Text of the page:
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    ABSTRACT: DUF1220 domains show the largest human-lineage-specific increase in copy number of any protein-coding region in the human genome and map primarily to 1q21, where deletions and reciprocal duplications have been associated with microcephaly and macrocephaly, respectively. Given these findings and the high correlation between DUF1220 copy number and brain size across primate lineages (R(2) = 0.98; p = 1.8 × 10(-6)), DUF1220 sequences represent plausible candidates for underlying 1q21-associated brain-size pathologies. To investigate this possibility, we used specialized bioinformatics tools developed for scoring highly duplicated DUF1220 sequences to implement targeted 1q21 array comparative genomic hybridization on individuals (n = 42) with 1q21-associated microcephaly and macrocephaly. We show that of all the 1q21 genes examined (n = 53), DUF1220 copy number shows the strongest association with brain size among individuals with 1q21-associated microcephaly, particularly with respect to the three evolutionarily conserved DUF1220 clades CON1(p = 0.0079), CON2 (p = 0.0134), and CON3 (p = 0.0116). Interestingly, all 1q21 DUF1220-encoding genes belonging to the NBPF family show significant correlations with frontal-occipital-circumference Z scores in the deletion group. In a similar survey of a nondisease population, we show that DUF1220 copy number exhibits the strongest correlation with brain gray-matter volume (CON1, p = 0.0246; and CON2, p = 0.0334). Notably, only DUF1220 sequences are consistently significant in both disease and nondisease populations. Taken together, these data strongly implicate the loss of DUF1220 copy number in the etiology of 1q21-associated microcephaly and support the view that DUF1220 domains function as general effectors of evolutionary, pathological, and normal variation in brain size.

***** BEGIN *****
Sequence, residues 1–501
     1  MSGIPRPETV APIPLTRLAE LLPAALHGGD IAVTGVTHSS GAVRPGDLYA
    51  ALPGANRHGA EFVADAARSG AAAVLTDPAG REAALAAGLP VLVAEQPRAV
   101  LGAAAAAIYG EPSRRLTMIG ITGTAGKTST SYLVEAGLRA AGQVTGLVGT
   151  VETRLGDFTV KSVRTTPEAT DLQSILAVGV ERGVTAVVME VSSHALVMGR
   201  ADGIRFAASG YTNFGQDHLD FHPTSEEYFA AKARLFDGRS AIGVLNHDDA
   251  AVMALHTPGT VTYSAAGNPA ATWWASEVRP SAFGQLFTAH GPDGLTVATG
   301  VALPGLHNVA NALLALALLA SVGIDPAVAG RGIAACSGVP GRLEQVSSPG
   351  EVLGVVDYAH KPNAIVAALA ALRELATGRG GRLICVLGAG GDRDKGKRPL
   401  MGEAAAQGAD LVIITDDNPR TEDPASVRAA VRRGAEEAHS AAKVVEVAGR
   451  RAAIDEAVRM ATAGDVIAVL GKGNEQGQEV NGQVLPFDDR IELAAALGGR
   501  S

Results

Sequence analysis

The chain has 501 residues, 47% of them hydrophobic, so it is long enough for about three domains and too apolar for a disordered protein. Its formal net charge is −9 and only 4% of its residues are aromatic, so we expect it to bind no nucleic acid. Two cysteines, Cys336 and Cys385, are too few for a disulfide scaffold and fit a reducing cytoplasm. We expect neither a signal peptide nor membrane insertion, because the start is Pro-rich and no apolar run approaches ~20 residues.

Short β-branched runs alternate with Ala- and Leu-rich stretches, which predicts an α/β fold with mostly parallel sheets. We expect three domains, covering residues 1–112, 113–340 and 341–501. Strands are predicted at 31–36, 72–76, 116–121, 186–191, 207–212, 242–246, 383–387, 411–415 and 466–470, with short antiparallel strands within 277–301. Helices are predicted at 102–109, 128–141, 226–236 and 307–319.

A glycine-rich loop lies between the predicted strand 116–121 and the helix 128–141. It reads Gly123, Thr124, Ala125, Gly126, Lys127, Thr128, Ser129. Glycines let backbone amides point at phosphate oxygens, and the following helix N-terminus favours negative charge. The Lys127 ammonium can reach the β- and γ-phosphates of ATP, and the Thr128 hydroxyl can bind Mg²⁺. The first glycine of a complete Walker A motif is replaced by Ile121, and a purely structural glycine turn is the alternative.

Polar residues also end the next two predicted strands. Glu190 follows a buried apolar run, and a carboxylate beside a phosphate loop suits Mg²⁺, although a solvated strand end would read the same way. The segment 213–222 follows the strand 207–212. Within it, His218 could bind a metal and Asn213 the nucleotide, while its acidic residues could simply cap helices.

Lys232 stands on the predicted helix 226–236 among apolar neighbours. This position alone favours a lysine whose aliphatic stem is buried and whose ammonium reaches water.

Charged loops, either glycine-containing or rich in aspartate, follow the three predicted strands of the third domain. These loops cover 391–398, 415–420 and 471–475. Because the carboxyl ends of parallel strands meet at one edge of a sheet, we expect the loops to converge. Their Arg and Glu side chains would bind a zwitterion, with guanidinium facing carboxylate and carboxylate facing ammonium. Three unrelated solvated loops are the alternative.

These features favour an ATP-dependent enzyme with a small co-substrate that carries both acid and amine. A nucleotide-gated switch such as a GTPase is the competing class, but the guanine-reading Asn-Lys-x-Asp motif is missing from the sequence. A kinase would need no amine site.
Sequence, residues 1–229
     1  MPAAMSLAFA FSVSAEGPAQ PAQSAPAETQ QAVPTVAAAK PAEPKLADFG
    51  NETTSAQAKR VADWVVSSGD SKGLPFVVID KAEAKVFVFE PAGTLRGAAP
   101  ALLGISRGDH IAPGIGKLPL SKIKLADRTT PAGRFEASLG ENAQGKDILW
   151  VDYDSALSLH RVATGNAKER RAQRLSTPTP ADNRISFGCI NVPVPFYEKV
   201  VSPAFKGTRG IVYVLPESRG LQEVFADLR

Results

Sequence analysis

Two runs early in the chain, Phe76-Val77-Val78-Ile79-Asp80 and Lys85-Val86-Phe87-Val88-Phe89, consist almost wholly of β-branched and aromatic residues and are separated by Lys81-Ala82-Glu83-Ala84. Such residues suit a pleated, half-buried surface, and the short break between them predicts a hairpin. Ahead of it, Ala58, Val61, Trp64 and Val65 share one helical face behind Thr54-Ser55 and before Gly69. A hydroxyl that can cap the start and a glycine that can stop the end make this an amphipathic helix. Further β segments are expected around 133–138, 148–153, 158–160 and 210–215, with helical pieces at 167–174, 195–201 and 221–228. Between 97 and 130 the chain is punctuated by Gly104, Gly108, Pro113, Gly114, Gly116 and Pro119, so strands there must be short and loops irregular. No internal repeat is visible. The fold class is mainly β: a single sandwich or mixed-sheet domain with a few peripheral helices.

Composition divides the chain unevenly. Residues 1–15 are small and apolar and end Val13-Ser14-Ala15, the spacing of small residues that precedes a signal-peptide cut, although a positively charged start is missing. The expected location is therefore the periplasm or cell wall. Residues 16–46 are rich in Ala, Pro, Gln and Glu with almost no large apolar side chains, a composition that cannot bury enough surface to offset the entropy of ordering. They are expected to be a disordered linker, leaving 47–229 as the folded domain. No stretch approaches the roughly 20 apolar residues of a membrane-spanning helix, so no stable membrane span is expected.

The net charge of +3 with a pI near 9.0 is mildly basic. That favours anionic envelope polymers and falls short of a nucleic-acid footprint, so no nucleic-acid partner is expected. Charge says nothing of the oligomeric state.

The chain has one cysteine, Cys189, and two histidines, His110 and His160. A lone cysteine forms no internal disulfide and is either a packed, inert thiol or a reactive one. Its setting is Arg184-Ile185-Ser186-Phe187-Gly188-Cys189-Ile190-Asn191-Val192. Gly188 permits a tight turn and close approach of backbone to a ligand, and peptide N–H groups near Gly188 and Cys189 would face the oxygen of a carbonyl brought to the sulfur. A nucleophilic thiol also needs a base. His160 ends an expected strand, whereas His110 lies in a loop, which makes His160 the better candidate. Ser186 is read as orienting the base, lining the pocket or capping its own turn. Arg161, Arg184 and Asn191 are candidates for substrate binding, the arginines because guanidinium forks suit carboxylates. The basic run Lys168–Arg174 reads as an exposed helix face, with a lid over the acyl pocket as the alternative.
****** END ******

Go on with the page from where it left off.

The American Journal of Human Genetics 08/2012; 91(3):444-54. · 11.20 Impact Factor
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    J L Rapoport, J N Giedd, N Gogtay